Archives for posts with tag: sports movies

Many of Paul Newman’s characters excel at knowing how to play the angles. In “Slap Shot” (1977), he takes his hustle to the hockey rink as an aging player/coach whose career and team are skating on thin ice. He comes up with a plan to use “aggressive” play to boost the squad in the standings and at the box office. In real life at the time, professional hockey was being criticized for some teams’ use of physical thuggery. Newman’s team is so cartoonishly violent (the Hanson brothers are sports movie legends) it’s played for laughs while also mocking social norms.

Hollywood likes bundling a bunch of good-looking teenageish boys for movies about Texas football because it checks off boxes in a whole bunch of marketing demographics. The latest installment of inspiring underdog gridiron mediocrity is “12 Mighty Orphans” (2021). Based on a true story (aren’t they all?), this heartwarming tale of Dust Bowl grit, determination and long speeches by Luke Wilson introduces us to a Fort Worth children’s home that captured a Depression-era nation’s attention. The filmmakers inject it with the typical melodramatic steroids of teenage hijinks and overbaked subplots. Still, it’s worth waiting for the mini-bios during the credits.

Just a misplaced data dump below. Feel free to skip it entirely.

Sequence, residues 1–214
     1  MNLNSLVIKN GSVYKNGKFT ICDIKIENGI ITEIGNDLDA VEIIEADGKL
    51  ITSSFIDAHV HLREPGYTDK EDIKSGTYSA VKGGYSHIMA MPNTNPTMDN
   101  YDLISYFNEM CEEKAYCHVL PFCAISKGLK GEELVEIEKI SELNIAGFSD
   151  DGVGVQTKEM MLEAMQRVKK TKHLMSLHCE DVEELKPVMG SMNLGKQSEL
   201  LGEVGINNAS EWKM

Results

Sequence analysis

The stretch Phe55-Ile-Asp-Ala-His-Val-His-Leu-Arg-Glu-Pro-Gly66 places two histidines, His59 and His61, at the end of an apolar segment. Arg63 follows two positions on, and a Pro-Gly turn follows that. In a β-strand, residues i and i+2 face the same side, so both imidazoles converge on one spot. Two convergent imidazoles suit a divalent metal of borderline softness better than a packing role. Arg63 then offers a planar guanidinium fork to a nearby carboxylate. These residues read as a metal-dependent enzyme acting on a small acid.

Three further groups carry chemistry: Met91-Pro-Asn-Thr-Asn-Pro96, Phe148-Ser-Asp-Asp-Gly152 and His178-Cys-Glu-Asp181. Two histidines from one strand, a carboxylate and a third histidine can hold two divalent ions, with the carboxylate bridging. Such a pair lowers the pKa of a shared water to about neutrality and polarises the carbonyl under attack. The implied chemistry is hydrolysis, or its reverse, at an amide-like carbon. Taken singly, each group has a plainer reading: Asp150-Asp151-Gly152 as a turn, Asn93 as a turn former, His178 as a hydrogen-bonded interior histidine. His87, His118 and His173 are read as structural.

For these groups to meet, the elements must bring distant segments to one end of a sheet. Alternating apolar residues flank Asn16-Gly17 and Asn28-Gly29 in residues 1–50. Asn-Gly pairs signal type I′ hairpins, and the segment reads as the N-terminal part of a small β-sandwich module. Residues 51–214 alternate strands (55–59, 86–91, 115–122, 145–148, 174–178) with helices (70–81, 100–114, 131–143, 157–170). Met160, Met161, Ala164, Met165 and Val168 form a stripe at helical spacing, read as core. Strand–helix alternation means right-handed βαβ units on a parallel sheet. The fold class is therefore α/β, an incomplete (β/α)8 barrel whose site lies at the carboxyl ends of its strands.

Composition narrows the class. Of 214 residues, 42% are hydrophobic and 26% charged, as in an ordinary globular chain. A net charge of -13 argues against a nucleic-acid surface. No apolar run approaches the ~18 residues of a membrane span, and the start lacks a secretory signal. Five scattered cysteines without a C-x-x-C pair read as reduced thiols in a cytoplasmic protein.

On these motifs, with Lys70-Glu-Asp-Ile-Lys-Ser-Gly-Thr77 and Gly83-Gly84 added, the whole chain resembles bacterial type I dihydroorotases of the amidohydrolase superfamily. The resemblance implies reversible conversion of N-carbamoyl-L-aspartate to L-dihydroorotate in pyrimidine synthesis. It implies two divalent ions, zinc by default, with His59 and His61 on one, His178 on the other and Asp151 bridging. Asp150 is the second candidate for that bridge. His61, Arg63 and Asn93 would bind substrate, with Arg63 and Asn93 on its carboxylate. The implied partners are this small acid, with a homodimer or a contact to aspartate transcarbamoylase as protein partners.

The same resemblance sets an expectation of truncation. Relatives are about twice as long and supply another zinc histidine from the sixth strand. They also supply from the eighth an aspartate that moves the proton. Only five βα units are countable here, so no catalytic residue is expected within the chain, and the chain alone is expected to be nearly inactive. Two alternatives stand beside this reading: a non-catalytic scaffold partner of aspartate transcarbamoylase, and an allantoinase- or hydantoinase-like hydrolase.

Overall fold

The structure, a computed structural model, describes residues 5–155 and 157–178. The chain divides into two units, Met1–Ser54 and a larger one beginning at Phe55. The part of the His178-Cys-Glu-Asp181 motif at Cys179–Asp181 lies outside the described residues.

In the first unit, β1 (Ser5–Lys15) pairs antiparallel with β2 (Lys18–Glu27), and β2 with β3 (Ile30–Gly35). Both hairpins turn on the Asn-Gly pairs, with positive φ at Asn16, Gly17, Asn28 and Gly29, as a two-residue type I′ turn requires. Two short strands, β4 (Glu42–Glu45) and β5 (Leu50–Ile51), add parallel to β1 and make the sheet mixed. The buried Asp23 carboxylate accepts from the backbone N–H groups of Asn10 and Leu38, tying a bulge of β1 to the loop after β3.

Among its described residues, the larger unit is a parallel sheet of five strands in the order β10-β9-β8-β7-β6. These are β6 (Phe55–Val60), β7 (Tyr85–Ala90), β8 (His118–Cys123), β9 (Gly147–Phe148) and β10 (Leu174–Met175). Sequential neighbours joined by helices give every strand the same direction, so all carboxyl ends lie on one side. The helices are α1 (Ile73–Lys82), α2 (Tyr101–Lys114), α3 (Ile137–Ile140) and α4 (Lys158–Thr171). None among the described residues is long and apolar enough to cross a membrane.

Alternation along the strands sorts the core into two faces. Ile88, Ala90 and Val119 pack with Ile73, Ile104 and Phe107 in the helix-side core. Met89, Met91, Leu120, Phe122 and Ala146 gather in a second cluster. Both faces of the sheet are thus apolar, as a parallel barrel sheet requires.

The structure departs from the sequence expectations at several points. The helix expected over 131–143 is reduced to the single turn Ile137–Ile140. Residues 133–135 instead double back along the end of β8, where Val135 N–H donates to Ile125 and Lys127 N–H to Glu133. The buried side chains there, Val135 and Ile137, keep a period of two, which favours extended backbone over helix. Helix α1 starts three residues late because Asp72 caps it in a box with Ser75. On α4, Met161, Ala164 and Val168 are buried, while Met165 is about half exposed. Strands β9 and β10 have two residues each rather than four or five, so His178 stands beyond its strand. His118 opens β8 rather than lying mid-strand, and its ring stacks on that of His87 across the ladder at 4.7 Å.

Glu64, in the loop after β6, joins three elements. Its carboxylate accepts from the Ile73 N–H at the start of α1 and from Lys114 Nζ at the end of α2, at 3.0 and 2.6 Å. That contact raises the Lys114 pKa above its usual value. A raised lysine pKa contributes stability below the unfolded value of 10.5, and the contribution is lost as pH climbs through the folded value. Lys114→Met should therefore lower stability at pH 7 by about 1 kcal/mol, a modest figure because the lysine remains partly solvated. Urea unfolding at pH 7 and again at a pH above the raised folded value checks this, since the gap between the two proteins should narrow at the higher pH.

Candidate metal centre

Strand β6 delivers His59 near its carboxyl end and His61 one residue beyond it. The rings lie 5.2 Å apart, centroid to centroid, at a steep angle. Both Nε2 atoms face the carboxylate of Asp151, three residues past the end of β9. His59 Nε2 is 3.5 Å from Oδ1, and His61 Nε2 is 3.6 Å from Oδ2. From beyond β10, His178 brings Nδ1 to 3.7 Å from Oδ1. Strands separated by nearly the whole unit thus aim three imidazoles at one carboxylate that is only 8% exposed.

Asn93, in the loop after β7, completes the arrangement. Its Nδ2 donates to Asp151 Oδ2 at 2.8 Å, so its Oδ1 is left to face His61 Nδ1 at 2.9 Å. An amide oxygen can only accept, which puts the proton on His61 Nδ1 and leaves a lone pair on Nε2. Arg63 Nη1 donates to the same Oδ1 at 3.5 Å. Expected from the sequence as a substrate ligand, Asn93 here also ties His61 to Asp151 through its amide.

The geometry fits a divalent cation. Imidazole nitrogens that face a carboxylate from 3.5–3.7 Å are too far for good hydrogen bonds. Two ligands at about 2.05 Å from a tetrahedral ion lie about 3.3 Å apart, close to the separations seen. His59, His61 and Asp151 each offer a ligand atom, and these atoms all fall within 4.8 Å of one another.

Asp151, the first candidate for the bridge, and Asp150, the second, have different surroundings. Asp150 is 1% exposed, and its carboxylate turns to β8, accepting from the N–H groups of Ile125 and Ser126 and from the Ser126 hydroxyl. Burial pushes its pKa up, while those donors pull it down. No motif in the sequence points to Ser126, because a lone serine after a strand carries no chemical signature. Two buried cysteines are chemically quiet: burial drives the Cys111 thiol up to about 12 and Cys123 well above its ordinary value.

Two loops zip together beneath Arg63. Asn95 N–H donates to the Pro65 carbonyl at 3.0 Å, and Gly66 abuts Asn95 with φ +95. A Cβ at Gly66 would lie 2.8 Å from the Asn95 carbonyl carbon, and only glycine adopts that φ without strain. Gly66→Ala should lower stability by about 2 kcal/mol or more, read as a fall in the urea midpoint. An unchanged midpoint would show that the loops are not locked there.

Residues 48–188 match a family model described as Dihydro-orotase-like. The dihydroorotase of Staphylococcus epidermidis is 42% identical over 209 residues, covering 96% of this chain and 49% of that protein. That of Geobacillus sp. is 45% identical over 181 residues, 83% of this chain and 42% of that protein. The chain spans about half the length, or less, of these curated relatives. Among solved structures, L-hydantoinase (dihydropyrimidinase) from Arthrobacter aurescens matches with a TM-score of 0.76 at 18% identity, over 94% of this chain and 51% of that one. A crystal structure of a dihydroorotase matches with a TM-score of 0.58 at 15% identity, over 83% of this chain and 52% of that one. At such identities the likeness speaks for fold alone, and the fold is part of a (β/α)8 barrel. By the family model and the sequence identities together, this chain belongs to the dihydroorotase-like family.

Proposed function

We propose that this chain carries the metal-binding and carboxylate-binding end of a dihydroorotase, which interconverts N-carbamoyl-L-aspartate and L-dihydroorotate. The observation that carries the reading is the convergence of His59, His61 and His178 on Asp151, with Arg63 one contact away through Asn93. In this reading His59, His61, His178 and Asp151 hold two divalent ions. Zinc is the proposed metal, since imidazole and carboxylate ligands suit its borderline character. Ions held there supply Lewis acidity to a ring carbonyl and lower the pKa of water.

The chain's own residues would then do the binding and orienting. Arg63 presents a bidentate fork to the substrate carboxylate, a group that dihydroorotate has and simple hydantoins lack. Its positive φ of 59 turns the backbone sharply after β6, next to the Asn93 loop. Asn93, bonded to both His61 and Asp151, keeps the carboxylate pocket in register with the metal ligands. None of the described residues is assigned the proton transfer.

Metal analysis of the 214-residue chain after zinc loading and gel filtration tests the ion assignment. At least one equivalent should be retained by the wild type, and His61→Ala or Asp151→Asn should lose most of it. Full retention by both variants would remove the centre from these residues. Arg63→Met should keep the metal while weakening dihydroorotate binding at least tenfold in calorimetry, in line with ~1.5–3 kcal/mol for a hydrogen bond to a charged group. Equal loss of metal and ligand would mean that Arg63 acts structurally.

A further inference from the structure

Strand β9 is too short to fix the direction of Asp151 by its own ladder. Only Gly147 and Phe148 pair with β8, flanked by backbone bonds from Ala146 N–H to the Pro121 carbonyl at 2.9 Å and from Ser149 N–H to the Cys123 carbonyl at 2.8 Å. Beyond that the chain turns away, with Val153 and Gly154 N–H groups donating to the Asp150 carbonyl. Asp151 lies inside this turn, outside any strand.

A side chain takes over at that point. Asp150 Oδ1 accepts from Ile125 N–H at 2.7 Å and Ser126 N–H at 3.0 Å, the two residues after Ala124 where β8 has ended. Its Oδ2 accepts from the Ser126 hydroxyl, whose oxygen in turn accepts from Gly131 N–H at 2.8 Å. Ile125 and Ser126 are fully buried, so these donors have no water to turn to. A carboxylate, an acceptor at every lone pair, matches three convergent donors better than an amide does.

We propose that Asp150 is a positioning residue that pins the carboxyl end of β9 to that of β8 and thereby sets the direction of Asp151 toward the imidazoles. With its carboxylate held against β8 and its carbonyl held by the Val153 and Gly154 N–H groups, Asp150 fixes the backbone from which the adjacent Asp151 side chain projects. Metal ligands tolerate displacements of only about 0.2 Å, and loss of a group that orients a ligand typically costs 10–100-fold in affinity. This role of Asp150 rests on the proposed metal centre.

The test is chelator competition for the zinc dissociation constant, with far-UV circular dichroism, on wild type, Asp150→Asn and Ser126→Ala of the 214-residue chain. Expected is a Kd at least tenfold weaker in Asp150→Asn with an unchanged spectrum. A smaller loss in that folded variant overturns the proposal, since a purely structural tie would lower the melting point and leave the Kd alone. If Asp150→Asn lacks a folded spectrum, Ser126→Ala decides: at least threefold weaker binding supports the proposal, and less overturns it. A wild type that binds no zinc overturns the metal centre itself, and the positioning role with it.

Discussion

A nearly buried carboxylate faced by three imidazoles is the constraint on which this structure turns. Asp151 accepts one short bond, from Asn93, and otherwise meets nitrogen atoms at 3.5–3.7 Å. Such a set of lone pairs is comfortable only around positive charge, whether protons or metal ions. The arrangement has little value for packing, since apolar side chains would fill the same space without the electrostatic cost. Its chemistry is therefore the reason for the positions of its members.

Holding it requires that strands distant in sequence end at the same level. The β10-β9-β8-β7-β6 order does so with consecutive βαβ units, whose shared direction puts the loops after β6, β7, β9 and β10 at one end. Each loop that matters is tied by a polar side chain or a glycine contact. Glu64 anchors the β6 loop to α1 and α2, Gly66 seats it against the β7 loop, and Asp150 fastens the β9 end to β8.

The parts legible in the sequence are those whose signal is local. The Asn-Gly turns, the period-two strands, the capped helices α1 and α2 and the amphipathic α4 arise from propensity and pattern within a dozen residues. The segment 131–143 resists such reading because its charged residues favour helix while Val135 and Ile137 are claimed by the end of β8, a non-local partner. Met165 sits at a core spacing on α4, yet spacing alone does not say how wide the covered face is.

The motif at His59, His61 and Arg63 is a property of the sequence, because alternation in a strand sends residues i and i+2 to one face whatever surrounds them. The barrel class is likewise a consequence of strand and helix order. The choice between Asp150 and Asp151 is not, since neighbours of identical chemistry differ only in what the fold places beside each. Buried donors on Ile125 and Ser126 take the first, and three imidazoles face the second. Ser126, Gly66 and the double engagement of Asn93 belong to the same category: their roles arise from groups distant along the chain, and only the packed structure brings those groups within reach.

There’s a long history of films that take place in quaint UK or Irish villages full of quirky characters brought together by something that interrupts their otherwise ordinary lives. “Dream Horse” (2021) strides boldly within that lane like an even-money favorite. Based on a true story, Toni Collette plays a Welsh woman who decides on a whim to purchase and breed a racehorse. A syndicate of townsfolk is formed to pay for the upbringing of the resulting foal. Scrappy underdog hijinks ensue. Some of the characters are cliche and some of the drama is melo, but it’ll warm your heart.